Three Poems
JENNIFER LeBLANC


Noon​

Noon is the hill you climb with the man you used to know.
Noon is the summit of the hill where you know

you will leave him because of this: noon is different
from evening. One is the pond you never see but know

is around the corner. The other is the window
            that acts as mirror. You know

he can see himself if he turns his head to the left.
One is static. The other changes with what you know

is called perspective. A man leans over a woman
and asks if she is alright. She knows

that she will leave him. She says yes.
This is evening, kissing him instead of saying
           what you both, in instinct, know.

After Jane Hirshfield's "The Heat of Autumn."






Pulse

The mountain whose name means bright,
          round fire overhead,
rose on our right until we turned
          and found the deer— dead.
Does it matter that I have said
you shielded my view from the deer,
          animal with hooves raised
and head thrown back? Here:
          I take away my love.
What happens to my thumb against your pulse?
What happens to the presentation of my mouth
turned up as a weed would reach for heat?
          It matters that I have promised
to tell the truth. I have said this—
we climbed the mountain whose name means bright,
          we left our brilliance there.






To the Man I Left​
December 31st

I need to become used to seeing you as my victim.
For so long, you were the man who trespassed against me.
The deer will be let down during the New Year celebration.
Men will drag the carcass to the woods. No one will see.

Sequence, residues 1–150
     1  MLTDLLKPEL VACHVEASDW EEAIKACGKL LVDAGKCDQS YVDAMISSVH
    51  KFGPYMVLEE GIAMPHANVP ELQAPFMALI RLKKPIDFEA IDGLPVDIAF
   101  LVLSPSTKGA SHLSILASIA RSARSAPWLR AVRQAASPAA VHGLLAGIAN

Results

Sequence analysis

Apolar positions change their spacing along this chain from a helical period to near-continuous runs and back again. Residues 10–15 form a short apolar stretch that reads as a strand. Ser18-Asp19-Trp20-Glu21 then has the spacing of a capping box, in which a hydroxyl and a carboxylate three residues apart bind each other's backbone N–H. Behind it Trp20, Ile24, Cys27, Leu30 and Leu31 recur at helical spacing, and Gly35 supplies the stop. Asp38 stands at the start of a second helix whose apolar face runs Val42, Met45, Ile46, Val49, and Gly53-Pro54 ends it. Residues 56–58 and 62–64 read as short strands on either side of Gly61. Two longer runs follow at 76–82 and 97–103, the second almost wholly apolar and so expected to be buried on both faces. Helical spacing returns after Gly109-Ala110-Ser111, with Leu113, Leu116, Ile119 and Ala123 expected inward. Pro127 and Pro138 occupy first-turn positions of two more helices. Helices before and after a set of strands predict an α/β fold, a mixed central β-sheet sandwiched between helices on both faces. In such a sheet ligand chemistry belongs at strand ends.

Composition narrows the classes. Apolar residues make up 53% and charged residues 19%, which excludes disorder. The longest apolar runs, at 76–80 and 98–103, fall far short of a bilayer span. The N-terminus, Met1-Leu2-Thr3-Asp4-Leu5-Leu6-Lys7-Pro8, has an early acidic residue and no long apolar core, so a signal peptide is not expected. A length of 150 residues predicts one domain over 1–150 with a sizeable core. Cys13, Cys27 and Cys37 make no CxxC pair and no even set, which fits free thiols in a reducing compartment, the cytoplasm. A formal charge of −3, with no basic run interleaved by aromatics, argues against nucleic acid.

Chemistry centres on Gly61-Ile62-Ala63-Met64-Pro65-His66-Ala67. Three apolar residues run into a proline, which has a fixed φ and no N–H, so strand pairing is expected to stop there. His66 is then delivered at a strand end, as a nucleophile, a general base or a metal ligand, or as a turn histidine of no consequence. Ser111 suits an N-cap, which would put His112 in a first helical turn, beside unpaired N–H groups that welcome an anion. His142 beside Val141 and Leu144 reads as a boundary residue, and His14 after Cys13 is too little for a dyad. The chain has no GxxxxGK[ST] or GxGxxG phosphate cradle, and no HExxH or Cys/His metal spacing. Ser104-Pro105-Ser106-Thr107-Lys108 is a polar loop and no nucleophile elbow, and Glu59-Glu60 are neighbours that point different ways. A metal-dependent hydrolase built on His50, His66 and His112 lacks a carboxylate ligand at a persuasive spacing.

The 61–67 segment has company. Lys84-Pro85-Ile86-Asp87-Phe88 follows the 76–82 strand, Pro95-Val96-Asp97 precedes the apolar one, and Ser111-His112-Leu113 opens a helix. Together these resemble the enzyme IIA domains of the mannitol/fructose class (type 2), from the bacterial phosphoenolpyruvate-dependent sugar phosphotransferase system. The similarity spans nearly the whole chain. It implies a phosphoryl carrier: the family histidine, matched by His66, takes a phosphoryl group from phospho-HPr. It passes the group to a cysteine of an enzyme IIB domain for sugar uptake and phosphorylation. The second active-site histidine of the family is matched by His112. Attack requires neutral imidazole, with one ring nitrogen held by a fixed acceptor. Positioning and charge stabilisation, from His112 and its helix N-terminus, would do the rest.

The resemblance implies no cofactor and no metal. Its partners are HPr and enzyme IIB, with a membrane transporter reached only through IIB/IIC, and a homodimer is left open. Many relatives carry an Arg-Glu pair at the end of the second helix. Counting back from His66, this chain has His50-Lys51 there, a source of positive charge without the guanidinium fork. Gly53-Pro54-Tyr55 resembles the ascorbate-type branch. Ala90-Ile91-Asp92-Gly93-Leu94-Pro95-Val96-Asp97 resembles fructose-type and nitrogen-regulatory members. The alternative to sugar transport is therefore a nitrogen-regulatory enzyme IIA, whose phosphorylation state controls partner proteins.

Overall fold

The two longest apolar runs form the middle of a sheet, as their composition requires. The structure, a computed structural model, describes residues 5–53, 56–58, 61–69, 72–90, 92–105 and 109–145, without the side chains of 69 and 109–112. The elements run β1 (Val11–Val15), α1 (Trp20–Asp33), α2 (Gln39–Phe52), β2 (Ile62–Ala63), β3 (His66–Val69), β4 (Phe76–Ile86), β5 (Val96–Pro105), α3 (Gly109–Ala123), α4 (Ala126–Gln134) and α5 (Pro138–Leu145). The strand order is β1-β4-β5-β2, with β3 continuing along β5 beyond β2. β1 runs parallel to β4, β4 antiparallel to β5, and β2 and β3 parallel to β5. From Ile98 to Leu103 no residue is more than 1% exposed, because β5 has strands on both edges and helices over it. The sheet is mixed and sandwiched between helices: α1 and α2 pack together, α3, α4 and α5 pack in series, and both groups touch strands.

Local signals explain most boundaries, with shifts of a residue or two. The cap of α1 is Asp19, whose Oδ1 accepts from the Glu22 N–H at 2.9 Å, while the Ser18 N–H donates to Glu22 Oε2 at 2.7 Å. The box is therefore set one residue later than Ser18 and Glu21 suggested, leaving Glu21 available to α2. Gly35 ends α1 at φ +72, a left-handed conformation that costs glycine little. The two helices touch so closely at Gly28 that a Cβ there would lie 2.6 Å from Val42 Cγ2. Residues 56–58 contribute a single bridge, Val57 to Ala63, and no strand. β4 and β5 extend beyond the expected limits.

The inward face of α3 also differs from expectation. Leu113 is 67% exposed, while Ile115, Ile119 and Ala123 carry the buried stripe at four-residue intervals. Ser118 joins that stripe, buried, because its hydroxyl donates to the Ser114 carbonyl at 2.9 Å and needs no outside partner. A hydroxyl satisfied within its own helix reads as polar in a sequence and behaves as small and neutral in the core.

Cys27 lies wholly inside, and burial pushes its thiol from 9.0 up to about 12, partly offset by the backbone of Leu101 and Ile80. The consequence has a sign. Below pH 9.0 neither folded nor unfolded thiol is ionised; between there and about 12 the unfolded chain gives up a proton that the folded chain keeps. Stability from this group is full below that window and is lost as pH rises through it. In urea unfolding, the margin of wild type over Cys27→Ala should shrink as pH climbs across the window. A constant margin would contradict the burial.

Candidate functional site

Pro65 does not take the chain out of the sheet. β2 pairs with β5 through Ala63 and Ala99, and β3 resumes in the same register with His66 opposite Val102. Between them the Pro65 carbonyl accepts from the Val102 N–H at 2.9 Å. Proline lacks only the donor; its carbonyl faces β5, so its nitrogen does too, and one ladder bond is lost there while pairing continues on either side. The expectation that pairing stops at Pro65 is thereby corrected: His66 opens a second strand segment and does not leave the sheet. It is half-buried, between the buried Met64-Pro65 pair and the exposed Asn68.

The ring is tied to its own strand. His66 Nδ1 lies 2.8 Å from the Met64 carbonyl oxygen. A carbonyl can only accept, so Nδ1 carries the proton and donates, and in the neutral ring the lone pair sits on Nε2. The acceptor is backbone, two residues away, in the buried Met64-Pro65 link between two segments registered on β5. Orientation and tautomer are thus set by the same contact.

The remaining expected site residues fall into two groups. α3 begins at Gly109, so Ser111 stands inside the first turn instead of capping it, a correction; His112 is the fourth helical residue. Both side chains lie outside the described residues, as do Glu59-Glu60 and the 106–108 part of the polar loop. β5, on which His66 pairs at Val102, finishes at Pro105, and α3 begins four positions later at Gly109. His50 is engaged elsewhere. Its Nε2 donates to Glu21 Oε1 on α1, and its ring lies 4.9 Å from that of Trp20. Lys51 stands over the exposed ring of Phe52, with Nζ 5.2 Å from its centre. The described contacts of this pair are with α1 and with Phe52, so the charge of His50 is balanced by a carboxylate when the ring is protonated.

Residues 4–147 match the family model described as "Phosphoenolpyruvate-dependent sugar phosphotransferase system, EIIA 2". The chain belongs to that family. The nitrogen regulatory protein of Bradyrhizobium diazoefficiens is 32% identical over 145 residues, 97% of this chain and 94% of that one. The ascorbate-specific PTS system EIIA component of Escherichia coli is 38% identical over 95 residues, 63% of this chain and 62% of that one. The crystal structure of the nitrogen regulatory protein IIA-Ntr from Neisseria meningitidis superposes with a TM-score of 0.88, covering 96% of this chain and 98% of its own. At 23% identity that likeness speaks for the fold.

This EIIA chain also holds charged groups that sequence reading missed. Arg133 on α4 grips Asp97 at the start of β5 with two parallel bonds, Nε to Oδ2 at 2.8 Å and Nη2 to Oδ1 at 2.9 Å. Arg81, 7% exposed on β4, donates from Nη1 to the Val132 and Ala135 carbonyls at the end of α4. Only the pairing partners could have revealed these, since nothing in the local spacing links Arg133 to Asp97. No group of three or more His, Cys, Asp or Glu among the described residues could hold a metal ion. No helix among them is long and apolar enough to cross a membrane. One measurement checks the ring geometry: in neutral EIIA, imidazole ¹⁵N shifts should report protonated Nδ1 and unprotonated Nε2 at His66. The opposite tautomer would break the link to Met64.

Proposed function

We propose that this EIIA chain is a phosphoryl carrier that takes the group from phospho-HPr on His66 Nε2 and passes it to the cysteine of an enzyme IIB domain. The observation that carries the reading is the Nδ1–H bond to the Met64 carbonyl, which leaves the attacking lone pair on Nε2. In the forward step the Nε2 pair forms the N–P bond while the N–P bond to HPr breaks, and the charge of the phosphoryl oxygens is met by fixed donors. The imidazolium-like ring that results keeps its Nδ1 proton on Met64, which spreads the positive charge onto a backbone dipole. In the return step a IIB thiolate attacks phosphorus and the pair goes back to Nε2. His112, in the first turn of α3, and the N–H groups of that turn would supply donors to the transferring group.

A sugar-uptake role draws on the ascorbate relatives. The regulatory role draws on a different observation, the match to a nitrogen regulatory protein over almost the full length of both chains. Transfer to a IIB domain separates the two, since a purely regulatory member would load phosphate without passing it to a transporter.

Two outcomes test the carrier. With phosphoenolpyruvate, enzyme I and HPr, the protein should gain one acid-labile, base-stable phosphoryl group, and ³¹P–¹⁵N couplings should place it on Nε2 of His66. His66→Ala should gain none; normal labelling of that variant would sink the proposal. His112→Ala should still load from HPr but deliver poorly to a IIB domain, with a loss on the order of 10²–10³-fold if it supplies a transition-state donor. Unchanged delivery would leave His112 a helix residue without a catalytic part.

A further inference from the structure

For so long, you were the man who trespassed against me
and I was the deer shot through with a biting bullet.
When they drag the carcass to the woods, no one will see
the changed face on the deer, the metamorphosis.

I have made you the deer shot through with a bullet,
the ammunition stamped with She loves him, she loves him not.
The changed face on the deer, the decadal metamorphosis
allowed the hunter to press his finger against the shot.

The ammunition was stamped with She loves him, she loves him not.
You held up your hand so that I could not see the deer.
The hunter pressed his finger against the shot.
I should have held down your hand, seen the creature.

You held up your hand so that I could not see the deer.
The deer will be let down during the New Year celebration.
I should have held down your hand, seen the creature.
I need to become used to seeing you as my victim.








JENNIFER LeBLANC earned a Master of Fine Arts in Creative Writing from Lesley University and a Bachelor of Arts in English from Regis College. Her work has appeared in CAIRN: The St. Andrews Review, Melusine, and other journals, and she was nominated for a Pushcart Prize. She is at work on a collection of persona poems.
The Adirondack Review
SUMMER 2014